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Simple portfolio model

Equilibrium when E is fixed II

Nicolai Ellingsen (Adopted from Asbjørn Rødseth)

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Simple portfolio model

Market for kroner?

What about the market for kroner? By Walras’ law, we know the kroner market clears as well. Why? Since there are two goods (kroner and dollar), all agents obey their budget constraints, and the dollar market clears. It follows that the kroner market must clear. In that market the private sector will demand kroner, while the central bank supplies kroner. Any shift in the supply of foreign currency will have an equal signed shift in the demand for kroner of the same amount.

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Mean-variance model of portfolio choice

Outline

1

Exchange rates

2

Simple portfolio model

3

Mean-variance model of portfolio choice

4

The equilibrium risk premium

5

Summary

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Mean-variance model of portfolio choice

In the simple portfolio model we assumed demand functions f (r , Wp ) and b(r , W∗ ). Now we model demand as the choice of home and foreign investors. The choice is between home and foreign bonds and the relevant trade-off is between risk and returns. In both markets you have a certain interest rate return. In addition there is two sources of risk: Exchange-rate risk and inflation-risk.

Nicolai Ellingsen (Adopted from Asbjørn Rødseth)

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Mean-variance model of portfolio choice

The mean-variance model

The representative home investor maximizes U = E(π) −

R var (π) 2

(13)

subject to π = (1 − f )i + f (i∗ + e) − p

(14)

R = relative risk aversion π = real rate of return f = EF /PW = share of foreign currency in portfolio

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Mean-variance model of portfolio choice

Calculation of expected return and risk

π = (1 − f )i + f (i∗ + e) − p

E(π) = (1 − f )i + f (i∗ + µe ) − µp

(15)

var (π) = f 2 σee + σpp − 2f σep

(16)

Stochastic variables e and p Expectations µe and µp Variances σee , σpp Covariance σep

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Mean-variance model of portfolio choice

First-order condition

dU dE(π) 1 dvar (π) = − R =0 df df 2 df Solution f =

(17)

r σep − = fM + fS σee Rσee

(18)

r = i − i∗ − µe is the risk premium on kroner 1 The minimum-variance portfolio fM = σep /σee 2 The speculative portfolio fS = −r /Rσee

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Mean-variance model of portfolio choice

The minimum-variance portfolio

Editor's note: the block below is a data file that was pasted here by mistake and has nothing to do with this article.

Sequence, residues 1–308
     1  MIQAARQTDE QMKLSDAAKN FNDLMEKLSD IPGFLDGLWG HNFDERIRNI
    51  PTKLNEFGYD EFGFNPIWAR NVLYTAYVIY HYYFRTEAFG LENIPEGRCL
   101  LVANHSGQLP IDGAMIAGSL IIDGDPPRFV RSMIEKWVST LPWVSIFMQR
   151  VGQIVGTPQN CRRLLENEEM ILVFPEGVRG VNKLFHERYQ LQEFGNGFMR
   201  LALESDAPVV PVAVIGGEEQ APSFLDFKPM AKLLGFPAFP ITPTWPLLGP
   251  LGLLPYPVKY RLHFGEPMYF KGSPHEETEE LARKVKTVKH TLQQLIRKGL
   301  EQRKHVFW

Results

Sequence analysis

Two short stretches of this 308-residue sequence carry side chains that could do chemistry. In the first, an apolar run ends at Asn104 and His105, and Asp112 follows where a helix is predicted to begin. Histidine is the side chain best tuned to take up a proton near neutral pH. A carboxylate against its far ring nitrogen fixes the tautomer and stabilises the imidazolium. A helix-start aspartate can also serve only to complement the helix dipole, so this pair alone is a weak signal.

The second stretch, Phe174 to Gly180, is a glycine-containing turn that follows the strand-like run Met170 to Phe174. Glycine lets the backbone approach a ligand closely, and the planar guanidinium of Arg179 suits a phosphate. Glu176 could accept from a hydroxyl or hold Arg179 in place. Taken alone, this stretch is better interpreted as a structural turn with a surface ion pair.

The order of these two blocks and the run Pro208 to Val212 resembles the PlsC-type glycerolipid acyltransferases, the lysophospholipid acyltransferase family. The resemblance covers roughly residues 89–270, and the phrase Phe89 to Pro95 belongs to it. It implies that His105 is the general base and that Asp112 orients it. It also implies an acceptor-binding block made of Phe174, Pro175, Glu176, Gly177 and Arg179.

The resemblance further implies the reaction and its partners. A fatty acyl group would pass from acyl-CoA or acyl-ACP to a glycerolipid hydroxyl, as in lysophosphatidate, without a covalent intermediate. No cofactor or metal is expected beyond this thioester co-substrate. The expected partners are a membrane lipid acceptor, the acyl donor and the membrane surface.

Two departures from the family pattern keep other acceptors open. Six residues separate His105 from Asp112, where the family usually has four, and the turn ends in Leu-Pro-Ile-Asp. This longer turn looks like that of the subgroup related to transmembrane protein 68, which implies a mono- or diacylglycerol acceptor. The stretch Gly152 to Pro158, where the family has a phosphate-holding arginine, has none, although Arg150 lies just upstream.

fM =

σep σee

bM =

−σep∗ σee

Examples: 1. Relative purchasing power parity e = p − p∗ . Assume inflation rates uncorrelated (σpp∗ = 0) fM = σpp /(σp∗ p∗ + σpp ) = 1 − bM No home bias

2. Inflation and exchange rates uncorrelated (σep = 0) fM = 0 and 1 − bM = 1 Strong home bias

Deviations from PPP create home bias. Portfolio shares normally between 0 and 1 when σep > 0

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Mean-variance model of portfolio choice

The foreigners will have a symetric problem and their demand for domestic (foreign in their eyes) will be: σep∗ r b=− + (19) σee Rσee

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The equilibrium risk premium

Outline

1

Exchange rates

2

Simple portfolio model

3

Mean-variance model of portfolio choice

4

The equilibrium risk premium

5

Summary

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The equilibrium risk premium

Foreign exchange market equilibrium

Fp + F∗ + Fg = 0

(20)

σep r − PWp /E σee Rσee σep∗ r P∗ W∗ − F∗ = (1 − b)P∗ W∗ = 1 + σee Rσee Fp = fPWp /E =

(21) (22)

Can be solved for E , Fg or r .

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The equilibrium risk premium

The equilibrium risk premium

¯−b ¯M ) r = Rσee (b where ¯ =1− b

(23)

E (Fp + F∗ ) PWp + EP∗ W∗

¯M = 1 − fM PWp + (1 − bM )EP∗ W∗ b PWp + EP∗ W∗ The equilibrium risk premium is a product of: 1

The exchange rate risk (σee )

2

The risk aversion of investors (R)

3

Risk exposure - the difference between the market portfolio and the minimum variance ¯−b ¯M ) portfolio (b

Market portfolio - mirror image of government portfolio

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The equilibrium risk premium

Observations on the risk premium

Will be negative if the market contains less kroner than the MV portfolio σee = 0 or R = 0 implies perfect capital mobility and r = 0 for any level of exposure. Interest rates are observed directly, expectations and risk premia difficult to measure. In surveys investors declare widely different expectations Interest rates often contain an (il)liquidity premium.

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Summary

Outline

1

Exchange rates

2

Simple portfolio model

3

Mean-variance model of portfolio choice

4

The equilibrium risk premium

5

Summary

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Summary

Today

Introduced the nominal exchange rate Built a simple model of foreign exchange markets Modeled portfolio choice with exogeneous expectations Analyzed the risk premium in this market

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Summary

Next week

Refine the model used today to also include money. Combine this monetary portfolio model and a version of the Mundell-Fleming model Analyze the effect of shocks in this model Look at policy choices